The Asthma–Chronic Obstructive Pulmonary Disease Overlap Syndrome

Pharmacotherapeutic Considerations

Samuel Louie; Amir A Zeki; Michael Schivo; Andrew L Chan; Ken Y Yoneda; Mark Avdalovic; Brian M Morrissey; Timothy E Albertson

Disclosures

Expert Rev Clin Pharmacol. 2013;6(2):197-219. 

In This Article

Abstract and Introduction

Abstract

Asthma–chronic obstructive pulmonary disease (COPD) overlap syndrome (ACOS) is a commonly encountered yet loosely defined clinical entity. ACOS accounts for approximately 15–25% of the obstructive airway diseases and patients experience worse outcomes compared with asthma or COPD alone. Patients with ACOS have the combined risk factors of smoking and atopy, are generally younger than patients with COPD and experience acute exacerbations with higher frequency and greater severity than lone COPD. Pharmacotherapeutic considerations require an integrated approach, first to identify the relevant clinical phenotype(s), then to determine the best available therapy. The authors discuss the array of existing and emerging classes of drugs that could benefit those with ACOS and share their therapeutic approach. A consensus international definition of ACOS is needed to design prospective, randomized clinical trials to evaluate specific drug interventions on important outcomes such as lung function, acute exacerbations, quality of life and mortality.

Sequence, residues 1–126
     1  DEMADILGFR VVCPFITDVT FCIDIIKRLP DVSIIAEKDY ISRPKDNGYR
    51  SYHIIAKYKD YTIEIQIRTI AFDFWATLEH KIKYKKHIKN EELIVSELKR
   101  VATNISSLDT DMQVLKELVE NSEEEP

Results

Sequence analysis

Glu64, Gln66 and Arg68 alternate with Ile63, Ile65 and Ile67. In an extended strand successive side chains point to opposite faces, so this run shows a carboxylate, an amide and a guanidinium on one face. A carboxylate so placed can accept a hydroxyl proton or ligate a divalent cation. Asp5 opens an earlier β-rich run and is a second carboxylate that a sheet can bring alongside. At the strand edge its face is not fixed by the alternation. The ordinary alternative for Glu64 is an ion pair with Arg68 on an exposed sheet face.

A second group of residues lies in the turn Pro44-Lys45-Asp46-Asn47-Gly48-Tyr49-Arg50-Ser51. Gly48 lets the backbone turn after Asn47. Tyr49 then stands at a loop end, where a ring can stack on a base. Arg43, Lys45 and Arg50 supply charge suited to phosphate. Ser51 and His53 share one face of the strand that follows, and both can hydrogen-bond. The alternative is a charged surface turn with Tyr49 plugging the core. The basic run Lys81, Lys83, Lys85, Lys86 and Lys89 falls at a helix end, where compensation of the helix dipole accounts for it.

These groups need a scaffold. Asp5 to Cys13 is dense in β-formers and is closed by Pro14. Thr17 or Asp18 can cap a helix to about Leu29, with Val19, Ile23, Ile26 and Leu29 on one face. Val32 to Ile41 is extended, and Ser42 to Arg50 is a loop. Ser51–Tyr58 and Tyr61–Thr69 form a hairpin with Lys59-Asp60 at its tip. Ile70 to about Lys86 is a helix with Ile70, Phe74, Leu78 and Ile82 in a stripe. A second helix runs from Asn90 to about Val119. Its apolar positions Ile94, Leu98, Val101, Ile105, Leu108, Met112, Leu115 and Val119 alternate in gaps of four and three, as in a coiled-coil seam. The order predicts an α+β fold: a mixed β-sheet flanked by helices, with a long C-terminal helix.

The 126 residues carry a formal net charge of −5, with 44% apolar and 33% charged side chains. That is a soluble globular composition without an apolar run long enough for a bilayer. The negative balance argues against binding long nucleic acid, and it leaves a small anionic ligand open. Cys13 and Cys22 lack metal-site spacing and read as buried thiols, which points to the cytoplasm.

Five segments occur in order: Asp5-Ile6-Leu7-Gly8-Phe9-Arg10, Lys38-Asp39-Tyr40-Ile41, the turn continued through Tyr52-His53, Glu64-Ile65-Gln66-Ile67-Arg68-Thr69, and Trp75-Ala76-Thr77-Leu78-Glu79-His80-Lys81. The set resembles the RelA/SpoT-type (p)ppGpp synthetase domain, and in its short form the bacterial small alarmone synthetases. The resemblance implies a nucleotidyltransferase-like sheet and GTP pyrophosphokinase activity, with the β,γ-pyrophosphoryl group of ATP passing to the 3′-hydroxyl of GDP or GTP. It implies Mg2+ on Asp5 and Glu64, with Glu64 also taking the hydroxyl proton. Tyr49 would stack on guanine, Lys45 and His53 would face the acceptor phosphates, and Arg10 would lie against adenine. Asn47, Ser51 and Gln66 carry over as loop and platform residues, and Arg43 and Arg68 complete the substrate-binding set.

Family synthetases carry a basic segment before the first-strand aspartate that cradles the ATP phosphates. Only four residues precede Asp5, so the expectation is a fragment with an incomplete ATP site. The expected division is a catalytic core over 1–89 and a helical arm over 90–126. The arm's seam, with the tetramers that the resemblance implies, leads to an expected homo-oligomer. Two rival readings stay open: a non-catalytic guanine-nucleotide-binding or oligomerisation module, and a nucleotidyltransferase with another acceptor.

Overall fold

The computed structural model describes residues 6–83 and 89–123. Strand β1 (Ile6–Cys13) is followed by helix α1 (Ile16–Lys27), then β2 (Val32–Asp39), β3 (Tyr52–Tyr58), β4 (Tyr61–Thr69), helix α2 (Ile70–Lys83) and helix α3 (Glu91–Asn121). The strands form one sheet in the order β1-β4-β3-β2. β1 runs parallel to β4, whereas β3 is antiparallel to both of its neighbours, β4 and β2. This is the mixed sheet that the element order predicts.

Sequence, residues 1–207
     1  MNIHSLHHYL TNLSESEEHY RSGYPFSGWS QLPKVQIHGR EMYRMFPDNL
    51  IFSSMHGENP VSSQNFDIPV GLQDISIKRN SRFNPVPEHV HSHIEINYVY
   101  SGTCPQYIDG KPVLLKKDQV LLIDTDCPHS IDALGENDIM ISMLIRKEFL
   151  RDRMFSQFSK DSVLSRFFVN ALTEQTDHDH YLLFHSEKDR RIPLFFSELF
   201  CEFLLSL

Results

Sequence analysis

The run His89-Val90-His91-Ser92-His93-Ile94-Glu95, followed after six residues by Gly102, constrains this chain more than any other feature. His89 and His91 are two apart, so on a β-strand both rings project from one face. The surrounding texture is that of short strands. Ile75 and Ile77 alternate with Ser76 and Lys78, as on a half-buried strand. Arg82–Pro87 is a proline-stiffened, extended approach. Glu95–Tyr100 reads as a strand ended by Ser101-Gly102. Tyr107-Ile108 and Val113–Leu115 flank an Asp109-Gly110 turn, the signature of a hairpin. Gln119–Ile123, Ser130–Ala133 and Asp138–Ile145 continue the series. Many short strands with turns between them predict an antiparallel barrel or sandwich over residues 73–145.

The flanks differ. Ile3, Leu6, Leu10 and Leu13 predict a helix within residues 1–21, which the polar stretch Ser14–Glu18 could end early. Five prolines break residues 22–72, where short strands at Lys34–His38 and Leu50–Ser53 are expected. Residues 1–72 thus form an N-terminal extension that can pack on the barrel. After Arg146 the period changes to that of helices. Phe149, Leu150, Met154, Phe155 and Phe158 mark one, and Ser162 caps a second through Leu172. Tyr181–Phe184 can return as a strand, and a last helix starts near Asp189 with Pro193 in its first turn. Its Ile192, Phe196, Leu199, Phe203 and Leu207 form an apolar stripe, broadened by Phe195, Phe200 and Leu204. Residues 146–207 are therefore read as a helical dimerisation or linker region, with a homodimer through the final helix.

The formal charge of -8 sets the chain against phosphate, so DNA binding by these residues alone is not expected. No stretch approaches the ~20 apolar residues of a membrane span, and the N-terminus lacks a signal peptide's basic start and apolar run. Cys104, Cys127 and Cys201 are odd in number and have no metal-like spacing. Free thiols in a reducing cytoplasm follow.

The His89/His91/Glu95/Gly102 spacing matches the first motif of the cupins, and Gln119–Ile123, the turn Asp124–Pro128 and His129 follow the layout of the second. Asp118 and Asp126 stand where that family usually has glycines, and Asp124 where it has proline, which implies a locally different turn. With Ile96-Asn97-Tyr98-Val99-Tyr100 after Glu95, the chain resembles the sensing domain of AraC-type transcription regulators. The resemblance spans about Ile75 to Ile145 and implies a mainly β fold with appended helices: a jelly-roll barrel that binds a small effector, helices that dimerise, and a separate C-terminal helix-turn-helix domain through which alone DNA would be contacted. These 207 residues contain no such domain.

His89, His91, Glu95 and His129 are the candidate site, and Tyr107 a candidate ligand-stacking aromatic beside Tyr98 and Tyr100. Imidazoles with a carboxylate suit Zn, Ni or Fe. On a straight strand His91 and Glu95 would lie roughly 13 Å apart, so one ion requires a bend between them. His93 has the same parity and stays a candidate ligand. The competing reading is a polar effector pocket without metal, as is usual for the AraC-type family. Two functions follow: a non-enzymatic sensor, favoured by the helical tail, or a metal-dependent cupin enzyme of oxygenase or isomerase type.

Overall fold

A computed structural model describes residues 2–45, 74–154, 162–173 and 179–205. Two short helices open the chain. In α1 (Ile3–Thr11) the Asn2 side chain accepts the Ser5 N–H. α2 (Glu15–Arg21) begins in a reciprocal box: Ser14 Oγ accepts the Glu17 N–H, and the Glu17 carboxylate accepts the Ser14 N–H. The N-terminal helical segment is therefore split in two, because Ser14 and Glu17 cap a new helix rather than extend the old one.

Introduction

The asthma–chronic obstructive pulmonary disease (COPD) overlap syndrome (ACOS) is poorly recognized in part because clinical trials have consistently ignored this condition, as evidenced by strict inclusion and exclusion criteria that exclude either asthma patients from COPD studies or COPD patients from asthma studies. Asthmatic bronchitis was a term used to describe the overlapping conditions of asthma and COPD by the American Thoracic Society (ATS) in 1962,[1] but no further attempts were made to expound on this clinical phenotype until recently.[2–4] Guidelines from Canada, Japan and Spain attempt to describe this clinical phenotype and establish treatment options.[5–7]

Asthma is a syndrome consisting of similar phenotypes with characteristic but nonspecific symptoms. COPD is a syndrome akin to asthma but with important differences, including tobacco smoke-induced pathobiology and pulmonary emphysema. An exploration of how best to define ACOS is beyond the scope of this article. However, a clinical definition is a necessary starting point for a review of potential pharmacotherapeutic approaches.

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